EurActiv has not been able to confirm this
information with the German foreign ministry so far but details
should be made public in the beginning of July.
A firm commitment to these countries’ EU accession
was given in Thessaloniki in 2003 during the Greek presidency’s
EU-Western Balkans summit.
Since then, Montenegro and Serbia have received a
green light to start accession negotiations, Macedonia is a
candidate country, and Albania is expecting to get the same status.
Bosnia and Herzegovina is the country that lags behind the most,
while Kosovo’s unresolved international status is still a cause for
headaches in the Union.
However, in the last 11 years, progress has been
uneven, and countries such as Macedonia or Bosnia have been stuck on
their path towards the EU.
While Bosnia and Herzegovina is dealing with
important domestic challenges, Greece has prevented Macedonia from
starting accession negotiations for the past six years, despite a
clear recommendation from the EU executive, a blockade which has
fueled a deterioration of democratic standards in the country.
For Corina Stratulat, senior policy analyst at the
European Policy Centre (EPC) in Brussels, “the organisation of this
conference is consistent with the pressing need to deal with the
unfinished business in the Balkans".
“New life for EU enlargement policy”
“Although peace has taken hold of the region,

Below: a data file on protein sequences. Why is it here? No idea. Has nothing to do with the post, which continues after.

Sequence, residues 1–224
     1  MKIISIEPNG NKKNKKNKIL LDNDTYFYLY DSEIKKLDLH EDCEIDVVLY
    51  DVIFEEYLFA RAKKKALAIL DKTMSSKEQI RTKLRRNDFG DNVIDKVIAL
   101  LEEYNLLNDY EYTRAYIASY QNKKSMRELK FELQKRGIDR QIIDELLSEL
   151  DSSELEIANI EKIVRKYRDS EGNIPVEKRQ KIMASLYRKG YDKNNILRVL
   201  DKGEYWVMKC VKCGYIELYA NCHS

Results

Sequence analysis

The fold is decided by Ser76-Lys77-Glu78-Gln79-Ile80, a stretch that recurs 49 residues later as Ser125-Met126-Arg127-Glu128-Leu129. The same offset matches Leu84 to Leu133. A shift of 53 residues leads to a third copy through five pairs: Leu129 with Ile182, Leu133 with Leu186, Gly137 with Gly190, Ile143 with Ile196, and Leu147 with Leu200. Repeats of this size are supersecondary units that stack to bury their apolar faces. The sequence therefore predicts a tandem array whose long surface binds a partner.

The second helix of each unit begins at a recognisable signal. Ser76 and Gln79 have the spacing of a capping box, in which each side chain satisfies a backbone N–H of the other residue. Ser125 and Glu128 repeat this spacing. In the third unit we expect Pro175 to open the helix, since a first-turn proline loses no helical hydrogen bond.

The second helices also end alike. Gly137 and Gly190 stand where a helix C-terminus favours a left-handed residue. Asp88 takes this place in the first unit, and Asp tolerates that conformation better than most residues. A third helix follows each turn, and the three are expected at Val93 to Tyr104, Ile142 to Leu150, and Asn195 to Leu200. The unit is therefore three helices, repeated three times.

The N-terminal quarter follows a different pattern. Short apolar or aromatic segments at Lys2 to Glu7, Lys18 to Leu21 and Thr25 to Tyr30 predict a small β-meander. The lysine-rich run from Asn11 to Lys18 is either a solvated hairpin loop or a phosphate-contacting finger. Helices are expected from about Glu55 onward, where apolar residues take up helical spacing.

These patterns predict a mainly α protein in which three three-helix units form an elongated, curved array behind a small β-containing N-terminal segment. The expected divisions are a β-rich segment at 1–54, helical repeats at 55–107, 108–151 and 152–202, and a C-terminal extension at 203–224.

Balkan countries are still not all in [the EU] and certainly they
are not all transformed as we had envisioned, and the policy is
stuck for the Former Yugoslav Republic of Macedonia and Bosnia for
example, says Stratulat. "So. from this point of view it’s useful to
organise this kind of conference and have a serious and strategic
discussion and give a new life to a policy that is struggling to
demonstrate its added value.”
EU enlargement policy has indeed been pushed into
the background by most EU member states since the accession of the
Eastern block in the mid-2000s, and the accession of Croatia in 2013
received very little media attention and publicity.
But for countries such as Bosnia and Macedonia,
the lack of progress towards EU membership carries a number of
stability risks, which Merkel is likely aware of.
“It is useful to make enlargement a political
issue rather than sweeping it under the carpet, hoping it will deal
with itself, especially for some of these countries. The situation
has gotten worse for some countries and there are huge risks
associated with Bosnia or Macedonia,” Stratulat told EurActiv.
However, the Russian offensive in Ukraine might
also be another reason that Germany and the EU are renewing their
interest in the Balkans, where Moscow is also lurking.
“I wouldn’t say it’s the main reason but I think
it’s in the mind of Germany and other member states. Relations
between Russia and some of the Balkan countries precede the
Ukrainian crisis and Russia is a strategic partner. I don’t think
the EU is opposed to it, but of course, given the flexing of muscles
Russia has been doing lately, these kind of relations are treated
with more consideration than in the past,” Stratulat commented.
Serbia, the largest country in the region, and the
most strategic partner of the EU, is also known to have very close
ties to Moscow, which has put Belgrade in a tight spot on issues
such as sanctions against Russia, and the construction of South
Although the European Commission has made it clear
that the EU considers the South Stream agreements with Russia
illegal, Serbia has nonetheless decided to go on with it despite
European reluctance, and asked for “more patience and more